Several years ago, I found a website that was of great interest to me. I wasn't looking for it, just kind of ran across it. And how glad I am that I did. Matilda Butler and Kendra Bonnett provide a wealth of information for memoir writers. Now, don't turn away saying I don't write memoir, this is not for me. The reason being that, even though memoir is the concentration here, good writing is featured at every turn. These two women are passionate about helping people tell their stories but they also promote good writing. They provide writing exercises, help with journaling and a myriad of other writing related subjects along with video seminars.

They have their own books featured on the website as well as a contest page, free books, workshops and more on the website. Check it out here.  The book I've pictured above is a series of true stories about women who personify the WWII Rosie the Riveter image. Strong, courageous, and tough--those were the women of the WWII years. But this is not Matilda and Kendra's only book. One that I purchased last summer is an award winning craft of writing book pictured below. I read the entire book on our flight from England to home last summer. Nonfiction--not a steamy romance chapter or a thriller/chase in it but it held my interest across the ocean and the USA. It's an excellent guide for nonfiction writers, but there is also much of worth to the fiction writer in this book. After one read-through, you'll want to go back and read chapters of particlar interest more than once. You can order it at the website.


Since I write a lot of family stories, I entered the contests these two editors run periodically. And I've been a winner many times. Check out the latest contest page and see what you might have to enter. The theme is "How I Met Your Father" which should prompt many fine stories.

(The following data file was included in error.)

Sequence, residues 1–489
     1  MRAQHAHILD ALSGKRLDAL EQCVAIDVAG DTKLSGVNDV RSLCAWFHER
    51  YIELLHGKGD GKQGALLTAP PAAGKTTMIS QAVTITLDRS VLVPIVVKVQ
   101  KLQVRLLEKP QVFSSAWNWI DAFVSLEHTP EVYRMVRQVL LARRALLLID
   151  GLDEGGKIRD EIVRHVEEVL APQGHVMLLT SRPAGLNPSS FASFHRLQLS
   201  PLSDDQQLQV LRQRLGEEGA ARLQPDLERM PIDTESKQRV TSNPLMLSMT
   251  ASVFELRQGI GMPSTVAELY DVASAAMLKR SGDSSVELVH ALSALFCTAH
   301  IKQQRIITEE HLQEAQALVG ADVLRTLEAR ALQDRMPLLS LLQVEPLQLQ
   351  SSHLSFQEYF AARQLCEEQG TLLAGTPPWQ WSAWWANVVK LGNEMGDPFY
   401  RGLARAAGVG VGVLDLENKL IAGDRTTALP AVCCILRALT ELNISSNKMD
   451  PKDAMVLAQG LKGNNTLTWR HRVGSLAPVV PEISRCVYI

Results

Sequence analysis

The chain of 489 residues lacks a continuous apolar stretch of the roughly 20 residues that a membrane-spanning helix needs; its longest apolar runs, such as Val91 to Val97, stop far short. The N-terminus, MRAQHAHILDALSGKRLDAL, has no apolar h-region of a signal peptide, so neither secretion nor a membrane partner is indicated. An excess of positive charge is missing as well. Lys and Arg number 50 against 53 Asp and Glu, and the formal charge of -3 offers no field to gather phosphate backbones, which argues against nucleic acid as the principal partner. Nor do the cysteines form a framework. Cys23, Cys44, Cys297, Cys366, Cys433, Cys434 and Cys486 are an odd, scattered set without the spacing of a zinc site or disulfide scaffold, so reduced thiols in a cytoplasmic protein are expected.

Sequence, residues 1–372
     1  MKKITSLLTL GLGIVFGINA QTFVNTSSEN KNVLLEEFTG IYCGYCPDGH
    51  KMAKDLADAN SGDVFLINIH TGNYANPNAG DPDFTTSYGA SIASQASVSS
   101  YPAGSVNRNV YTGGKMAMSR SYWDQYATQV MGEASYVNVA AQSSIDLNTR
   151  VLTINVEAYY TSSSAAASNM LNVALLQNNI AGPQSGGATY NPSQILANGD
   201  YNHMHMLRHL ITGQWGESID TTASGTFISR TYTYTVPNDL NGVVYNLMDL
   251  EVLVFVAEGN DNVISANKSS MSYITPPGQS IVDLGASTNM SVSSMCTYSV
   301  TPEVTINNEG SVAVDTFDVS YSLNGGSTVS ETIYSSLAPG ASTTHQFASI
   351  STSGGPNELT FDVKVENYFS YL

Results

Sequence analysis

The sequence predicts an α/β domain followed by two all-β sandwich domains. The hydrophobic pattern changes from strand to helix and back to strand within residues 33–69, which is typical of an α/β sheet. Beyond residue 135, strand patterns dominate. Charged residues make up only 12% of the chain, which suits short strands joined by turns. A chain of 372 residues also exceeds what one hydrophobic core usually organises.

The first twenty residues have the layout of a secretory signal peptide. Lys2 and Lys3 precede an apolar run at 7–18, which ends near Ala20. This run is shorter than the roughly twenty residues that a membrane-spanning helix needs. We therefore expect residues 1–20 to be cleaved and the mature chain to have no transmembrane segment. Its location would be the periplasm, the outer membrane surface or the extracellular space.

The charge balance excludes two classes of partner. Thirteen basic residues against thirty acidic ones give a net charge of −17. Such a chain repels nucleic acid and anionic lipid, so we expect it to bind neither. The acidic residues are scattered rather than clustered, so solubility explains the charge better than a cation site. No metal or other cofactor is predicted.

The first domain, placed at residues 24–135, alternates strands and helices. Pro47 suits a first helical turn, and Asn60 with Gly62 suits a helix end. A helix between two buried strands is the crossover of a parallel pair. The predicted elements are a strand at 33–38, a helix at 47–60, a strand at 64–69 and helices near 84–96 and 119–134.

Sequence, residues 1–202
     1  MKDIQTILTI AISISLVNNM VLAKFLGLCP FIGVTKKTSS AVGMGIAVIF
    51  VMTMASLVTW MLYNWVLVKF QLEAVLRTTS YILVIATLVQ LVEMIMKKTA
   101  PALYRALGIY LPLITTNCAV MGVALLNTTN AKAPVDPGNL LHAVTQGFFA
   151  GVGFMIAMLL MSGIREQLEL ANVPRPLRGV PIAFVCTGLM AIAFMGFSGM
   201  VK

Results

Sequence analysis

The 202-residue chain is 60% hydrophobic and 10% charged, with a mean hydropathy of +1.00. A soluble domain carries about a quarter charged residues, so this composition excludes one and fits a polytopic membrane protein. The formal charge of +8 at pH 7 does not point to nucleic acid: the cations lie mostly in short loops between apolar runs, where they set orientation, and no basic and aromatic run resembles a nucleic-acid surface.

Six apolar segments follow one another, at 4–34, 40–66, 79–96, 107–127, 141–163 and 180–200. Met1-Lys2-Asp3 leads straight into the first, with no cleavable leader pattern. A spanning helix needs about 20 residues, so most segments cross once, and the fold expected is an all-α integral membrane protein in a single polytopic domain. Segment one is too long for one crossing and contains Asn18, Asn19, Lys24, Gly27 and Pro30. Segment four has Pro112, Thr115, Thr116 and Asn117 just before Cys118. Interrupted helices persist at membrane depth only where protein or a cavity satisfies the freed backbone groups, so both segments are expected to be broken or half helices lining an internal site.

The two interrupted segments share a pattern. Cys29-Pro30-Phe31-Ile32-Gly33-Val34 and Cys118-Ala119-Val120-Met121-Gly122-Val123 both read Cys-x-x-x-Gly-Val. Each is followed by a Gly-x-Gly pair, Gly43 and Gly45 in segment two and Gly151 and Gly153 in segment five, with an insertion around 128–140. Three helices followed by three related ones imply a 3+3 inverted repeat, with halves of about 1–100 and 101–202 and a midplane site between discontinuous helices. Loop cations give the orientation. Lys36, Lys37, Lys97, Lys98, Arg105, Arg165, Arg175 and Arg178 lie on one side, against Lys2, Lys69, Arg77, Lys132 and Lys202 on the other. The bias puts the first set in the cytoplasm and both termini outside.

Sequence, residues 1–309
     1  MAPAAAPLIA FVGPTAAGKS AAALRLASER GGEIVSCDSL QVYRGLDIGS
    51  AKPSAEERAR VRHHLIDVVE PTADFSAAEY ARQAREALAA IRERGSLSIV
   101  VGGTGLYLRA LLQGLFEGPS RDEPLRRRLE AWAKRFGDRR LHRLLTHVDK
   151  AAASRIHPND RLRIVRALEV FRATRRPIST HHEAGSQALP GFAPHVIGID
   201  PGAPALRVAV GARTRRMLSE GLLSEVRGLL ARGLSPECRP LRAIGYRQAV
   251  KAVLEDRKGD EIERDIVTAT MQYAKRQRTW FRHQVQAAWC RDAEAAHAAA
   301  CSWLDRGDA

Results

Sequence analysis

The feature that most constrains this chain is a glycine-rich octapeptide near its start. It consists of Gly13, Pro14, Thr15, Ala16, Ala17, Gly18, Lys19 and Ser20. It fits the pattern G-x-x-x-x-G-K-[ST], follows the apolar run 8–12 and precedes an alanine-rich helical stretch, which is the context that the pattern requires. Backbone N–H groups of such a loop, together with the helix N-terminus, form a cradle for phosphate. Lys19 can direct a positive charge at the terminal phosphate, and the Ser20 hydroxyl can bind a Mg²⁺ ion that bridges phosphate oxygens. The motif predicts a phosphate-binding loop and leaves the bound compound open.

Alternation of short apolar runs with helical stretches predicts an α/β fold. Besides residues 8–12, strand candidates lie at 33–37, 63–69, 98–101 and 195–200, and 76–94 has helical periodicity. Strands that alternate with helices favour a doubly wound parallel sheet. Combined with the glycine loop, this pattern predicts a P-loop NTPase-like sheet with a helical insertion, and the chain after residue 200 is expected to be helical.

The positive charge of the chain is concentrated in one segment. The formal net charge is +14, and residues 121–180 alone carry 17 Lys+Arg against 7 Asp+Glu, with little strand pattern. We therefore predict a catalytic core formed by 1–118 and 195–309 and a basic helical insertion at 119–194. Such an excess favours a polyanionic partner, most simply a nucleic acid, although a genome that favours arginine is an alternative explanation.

My aim in introducing you to these two editors, their contests, books and workshops is twofold. I think it is worth your time to visit the website and find out what may be of use to you. And I am also prefacing an announcement about some new ebooks Matilda and Kendra have just published. There are four volumes in this anthology series with the overall title Seasons of Our Lives. Each book features one of our four seasons with 25 appropriate memoir stories. There is much to relate about the books and I'll do that in tomorrow's post. These new books are perfect for readers who write and also just those who enjoy reading. 

Tuesday, January 21, 2014

What's Happening In This Picture?

Time for a picture prompt exercise today. I'll give you a little background on the area which may help give you a bit of inspiration. The picture above is one we snapped in Strasbourg, France which is very close to the German border in what is known as the Alsace-Lorraine area. This bit of land has been both German and French, bouncing back and forth from country to country as the spoils of various wars over centuries. But for now, it is very French.

Give yourself some time to study the picture. Then ask yourself some questions. Perhaps you want to know more about the two men walking to the carousel. Or maybe you want to know what is in the blue trash bin. How about the elegant street light next to the bicycle rack? Who might be living in one of the buildings in the background?  Why do people close to the carousel have their umbrellas opened?

Next, play the What if.....? game. What if something dangerous is in the trash bin? What if the carousel suddenly gets out of control? What if.....? Your turn to continue this little motivational game.